The Miami Heat pulled off a stunning coup by uniting LeBron James and Chris Bosh with Dwyane Wade. There are countless angles to the story that are being explored, but the one I'm focused on is whether the Heat will be able to contend for a title in year one.
The Heat will have many challenges, from whether coach Erik Spoelstra can handle three big egos, to who will take the last shot in games, and whether there are enough touches to satisfy all three players.
But these are problems any team would love to have. The challenge that will immediate concern the Heat is getting a full rotation together.
After trading away Michael Beasley to Minnesota, the Heat currently have one player under contract, Mario Chalmers. The Heat also have a qualifying offer for big man Joel Anthony, as well as three second round draftees, Dexter Pittman, Jarvis Varnado, and Da'Sean Butler.
But the Heat don't want to depend on second round rookies to make the rotation. The problem of course is whether they'll have enough cap space to plug their remaining holes.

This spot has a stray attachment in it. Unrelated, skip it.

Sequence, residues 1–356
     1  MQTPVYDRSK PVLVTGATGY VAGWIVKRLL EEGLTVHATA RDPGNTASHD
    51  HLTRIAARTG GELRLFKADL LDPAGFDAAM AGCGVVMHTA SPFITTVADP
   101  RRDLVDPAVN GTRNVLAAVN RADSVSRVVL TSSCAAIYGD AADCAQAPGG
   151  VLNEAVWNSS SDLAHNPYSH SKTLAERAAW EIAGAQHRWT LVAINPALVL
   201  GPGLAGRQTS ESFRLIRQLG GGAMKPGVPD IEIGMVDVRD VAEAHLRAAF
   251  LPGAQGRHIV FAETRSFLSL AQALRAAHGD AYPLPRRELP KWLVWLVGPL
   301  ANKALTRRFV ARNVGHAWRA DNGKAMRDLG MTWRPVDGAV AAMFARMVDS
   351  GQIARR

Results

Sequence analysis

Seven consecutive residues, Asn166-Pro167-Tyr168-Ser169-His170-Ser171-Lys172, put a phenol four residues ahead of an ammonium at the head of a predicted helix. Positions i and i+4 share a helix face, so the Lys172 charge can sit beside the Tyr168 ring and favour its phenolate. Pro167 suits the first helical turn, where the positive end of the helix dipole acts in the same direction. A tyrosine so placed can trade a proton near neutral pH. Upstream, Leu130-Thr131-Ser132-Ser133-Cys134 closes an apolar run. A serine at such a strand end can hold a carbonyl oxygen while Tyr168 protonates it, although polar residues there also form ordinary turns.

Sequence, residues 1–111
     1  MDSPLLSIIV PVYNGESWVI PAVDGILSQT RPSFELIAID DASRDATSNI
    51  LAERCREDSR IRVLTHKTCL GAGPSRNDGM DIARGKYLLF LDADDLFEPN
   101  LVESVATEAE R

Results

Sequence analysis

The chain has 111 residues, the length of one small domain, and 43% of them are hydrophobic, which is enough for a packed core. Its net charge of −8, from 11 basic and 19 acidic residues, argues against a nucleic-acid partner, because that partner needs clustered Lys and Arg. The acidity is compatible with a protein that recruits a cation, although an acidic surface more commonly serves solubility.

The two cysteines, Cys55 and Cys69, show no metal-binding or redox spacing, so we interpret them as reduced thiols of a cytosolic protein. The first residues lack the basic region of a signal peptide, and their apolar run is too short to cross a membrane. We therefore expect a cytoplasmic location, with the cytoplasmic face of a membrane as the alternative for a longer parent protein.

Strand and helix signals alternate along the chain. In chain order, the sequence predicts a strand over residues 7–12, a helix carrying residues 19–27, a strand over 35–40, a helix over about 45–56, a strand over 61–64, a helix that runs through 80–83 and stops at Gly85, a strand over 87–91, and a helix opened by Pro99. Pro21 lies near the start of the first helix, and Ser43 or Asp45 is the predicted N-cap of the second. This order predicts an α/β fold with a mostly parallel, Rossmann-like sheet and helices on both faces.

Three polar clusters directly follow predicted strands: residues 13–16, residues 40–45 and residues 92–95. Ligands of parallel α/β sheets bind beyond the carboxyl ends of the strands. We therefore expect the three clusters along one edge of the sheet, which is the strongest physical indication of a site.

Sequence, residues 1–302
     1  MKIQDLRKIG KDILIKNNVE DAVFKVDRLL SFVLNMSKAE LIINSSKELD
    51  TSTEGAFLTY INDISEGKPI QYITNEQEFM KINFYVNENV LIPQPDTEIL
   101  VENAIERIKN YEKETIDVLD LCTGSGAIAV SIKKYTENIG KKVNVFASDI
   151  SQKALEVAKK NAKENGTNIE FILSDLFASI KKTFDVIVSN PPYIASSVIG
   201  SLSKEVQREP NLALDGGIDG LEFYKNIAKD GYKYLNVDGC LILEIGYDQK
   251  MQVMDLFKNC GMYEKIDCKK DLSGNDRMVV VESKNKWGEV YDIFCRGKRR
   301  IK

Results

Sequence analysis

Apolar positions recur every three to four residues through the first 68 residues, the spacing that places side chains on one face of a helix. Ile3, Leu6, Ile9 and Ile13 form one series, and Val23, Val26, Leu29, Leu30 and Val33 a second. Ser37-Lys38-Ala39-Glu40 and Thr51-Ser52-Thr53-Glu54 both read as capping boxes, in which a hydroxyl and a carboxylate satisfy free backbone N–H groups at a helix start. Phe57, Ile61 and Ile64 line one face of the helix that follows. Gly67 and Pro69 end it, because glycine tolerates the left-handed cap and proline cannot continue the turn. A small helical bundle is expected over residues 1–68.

We still don't know how much of a pay cut James, Wade and Bosh are going to take, and we have to assume that most remaining signings will be at or near the veteran's minimum. So who can the Heat get to fill out their roster for the right price that will fill their needs?
Update: The Heat managed to sign Bosh and James to sign and trade deals, which allows them to give them a 6th year and bigger yearly raises. With this extra money, Bosh and James were willing to sign for a starting salary of $14.5 million.
It appears that Mike Miller and Udonis Haslem will be the primary beneficiaries of this. However, the Heat had to give up four first round draft picks in these two deals. Granted, these picks are likely to be low, but that means the pressure is on to use the money now to put together a quality rotation.
In the next Collective Bargaining Agreement, the mid-level exception might be axed, so without future draft picks, the Heat really need to pick the right players now.